I can honestly say, after reading Hugh Howey’s post, I was not offended. I understood what he was trying to say. Intent and context should count for something, imo. This means considering the person who has said it, the body of his work, past actions and the actual situation at hand.

For people who are familiar with his work, they’ll notice that some of his best known series have strong, fiercely independent women as the main characters and heroines, including his Wool series, as well as his Molly Fyde series.

Fans know that he has a warm and loving relationship with his wife and sister. No, I don’t know him personally. In fact, I can base all of this in how he talks about and refers to his wife in videos and how he interacts with his sister through various social media means. The mutual love and respect is obvious for anybody who cares to see it.

What I was deeply offended by was the manner in which these people came to his blog and tried to make their points.

Take this for example:

A lady comes onto Hugh’s blog and says “I read the original post. I took it as humorous, as though you were talking it up with a group of friends. I’m sorry you caught the attention of the PC police but hey, you got a new reader out of it, so it’s not all bad.”

To which one of the Outrage Brigade replied, “There’s no “PC Police,” there’s only “decent people,” and as a woman, you have a lot to thank them for.”

Um, what?

One of the things that always strikes me as odd are the people who are SO LOUDLY FEMINIST who assume that all women would – or should – feel the same about a given situation.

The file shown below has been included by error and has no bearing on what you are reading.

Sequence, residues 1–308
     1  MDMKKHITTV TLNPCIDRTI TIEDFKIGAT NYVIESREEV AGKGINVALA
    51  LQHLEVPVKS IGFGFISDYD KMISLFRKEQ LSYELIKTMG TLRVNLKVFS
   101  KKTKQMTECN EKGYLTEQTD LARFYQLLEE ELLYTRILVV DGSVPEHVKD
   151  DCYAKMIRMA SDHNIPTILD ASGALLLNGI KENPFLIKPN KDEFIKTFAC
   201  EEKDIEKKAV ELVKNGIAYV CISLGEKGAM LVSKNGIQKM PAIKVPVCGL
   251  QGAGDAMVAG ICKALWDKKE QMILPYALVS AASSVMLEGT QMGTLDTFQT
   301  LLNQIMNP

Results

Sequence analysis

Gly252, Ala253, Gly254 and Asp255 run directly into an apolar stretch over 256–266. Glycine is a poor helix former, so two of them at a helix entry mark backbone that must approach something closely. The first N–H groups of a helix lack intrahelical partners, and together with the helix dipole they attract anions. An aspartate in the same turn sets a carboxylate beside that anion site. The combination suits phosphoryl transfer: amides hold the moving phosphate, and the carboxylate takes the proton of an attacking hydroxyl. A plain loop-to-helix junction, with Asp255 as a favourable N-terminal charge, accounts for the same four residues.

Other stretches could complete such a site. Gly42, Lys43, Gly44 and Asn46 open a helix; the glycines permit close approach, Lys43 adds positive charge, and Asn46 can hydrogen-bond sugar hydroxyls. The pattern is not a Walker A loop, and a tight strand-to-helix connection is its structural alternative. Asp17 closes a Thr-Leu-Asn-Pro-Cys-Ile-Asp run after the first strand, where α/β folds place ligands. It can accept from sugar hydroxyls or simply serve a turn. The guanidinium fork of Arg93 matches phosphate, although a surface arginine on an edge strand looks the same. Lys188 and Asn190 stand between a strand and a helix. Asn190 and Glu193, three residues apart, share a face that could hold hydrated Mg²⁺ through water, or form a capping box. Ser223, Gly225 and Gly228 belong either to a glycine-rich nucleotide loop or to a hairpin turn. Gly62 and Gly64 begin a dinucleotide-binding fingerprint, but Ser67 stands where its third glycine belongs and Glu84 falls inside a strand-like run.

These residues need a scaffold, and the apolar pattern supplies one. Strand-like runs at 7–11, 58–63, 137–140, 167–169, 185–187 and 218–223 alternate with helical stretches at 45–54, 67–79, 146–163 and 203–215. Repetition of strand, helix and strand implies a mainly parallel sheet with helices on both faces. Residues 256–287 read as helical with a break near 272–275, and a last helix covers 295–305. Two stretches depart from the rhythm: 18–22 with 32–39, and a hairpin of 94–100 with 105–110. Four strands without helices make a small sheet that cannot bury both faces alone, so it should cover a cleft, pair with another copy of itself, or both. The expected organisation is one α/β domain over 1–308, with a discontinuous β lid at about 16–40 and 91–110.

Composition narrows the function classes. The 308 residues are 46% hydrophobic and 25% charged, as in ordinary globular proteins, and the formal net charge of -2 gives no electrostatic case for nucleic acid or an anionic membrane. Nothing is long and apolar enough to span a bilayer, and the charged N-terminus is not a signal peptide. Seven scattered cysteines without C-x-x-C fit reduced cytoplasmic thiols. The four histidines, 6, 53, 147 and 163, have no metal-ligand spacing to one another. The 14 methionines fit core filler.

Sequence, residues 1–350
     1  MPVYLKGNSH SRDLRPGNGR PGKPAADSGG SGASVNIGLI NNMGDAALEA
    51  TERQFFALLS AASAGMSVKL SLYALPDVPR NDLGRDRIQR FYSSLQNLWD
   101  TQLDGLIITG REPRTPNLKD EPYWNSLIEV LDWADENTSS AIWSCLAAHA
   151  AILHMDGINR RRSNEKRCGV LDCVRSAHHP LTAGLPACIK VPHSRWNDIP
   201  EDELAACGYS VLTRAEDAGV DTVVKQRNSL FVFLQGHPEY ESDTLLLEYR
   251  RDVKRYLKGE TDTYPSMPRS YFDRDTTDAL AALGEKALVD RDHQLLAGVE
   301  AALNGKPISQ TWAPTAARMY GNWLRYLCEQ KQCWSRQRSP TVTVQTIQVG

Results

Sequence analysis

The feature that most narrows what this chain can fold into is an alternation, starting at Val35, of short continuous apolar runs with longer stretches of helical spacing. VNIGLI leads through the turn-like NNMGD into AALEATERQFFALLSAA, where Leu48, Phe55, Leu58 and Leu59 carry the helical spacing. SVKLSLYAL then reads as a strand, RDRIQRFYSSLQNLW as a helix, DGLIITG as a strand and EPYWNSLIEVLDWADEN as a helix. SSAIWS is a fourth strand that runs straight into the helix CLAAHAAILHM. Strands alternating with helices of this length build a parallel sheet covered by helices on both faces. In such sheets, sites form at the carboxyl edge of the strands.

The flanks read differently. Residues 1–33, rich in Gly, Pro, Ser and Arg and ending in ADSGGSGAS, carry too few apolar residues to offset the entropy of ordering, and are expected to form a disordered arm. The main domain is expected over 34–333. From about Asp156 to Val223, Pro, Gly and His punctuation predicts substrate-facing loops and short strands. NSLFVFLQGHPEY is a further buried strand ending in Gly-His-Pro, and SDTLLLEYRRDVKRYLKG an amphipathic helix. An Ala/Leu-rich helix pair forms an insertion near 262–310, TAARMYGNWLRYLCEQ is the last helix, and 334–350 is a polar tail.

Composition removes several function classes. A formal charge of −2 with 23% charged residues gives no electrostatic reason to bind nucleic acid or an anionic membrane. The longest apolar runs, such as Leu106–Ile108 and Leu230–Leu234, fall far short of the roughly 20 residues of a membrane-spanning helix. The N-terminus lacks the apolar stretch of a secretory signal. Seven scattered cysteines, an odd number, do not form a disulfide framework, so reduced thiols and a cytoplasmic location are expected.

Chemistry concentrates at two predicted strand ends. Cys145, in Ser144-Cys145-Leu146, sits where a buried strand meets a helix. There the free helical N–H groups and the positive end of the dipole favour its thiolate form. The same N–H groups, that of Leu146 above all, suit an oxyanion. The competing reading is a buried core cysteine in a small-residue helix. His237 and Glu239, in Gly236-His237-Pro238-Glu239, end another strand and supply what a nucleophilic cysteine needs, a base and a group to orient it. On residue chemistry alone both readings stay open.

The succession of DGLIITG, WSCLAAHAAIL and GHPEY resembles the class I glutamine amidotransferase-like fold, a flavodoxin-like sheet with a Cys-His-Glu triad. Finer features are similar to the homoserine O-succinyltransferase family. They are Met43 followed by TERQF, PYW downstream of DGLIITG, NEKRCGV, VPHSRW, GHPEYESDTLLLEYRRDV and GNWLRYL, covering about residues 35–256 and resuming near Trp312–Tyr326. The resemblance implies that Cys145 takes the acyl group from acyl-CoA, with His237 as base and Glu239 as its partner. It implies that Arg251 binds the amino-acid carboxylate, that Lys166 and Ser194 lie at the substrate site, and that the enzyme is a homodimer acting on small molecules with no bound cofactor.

Yes, I’m a feminist. No, I was not offended by Hugh’s post. Does that mean I should feel thankful that these people have come up on their feminine white horses to save me from my ignorance? Should I be thanking them for defending their definition of “decent people” for all woman-kind on my behalf?

No. And you want to know why? Because, part of being a feminist is understanding that women come in many variations and are all different. Part of being a feminist is knowing that you can’t put us all in a little box and label it “woman.”

Part of being a feminist is recognizing the fact that being a feminist is simply demanding to start with the assumption that we be treated equally and fairly…and letting our OWN ACTIONS dictate where we go from there. This lady at WorldCon did not get called a bitch because she was a woman. She acted like a bitch, and therefore earned her title fairly.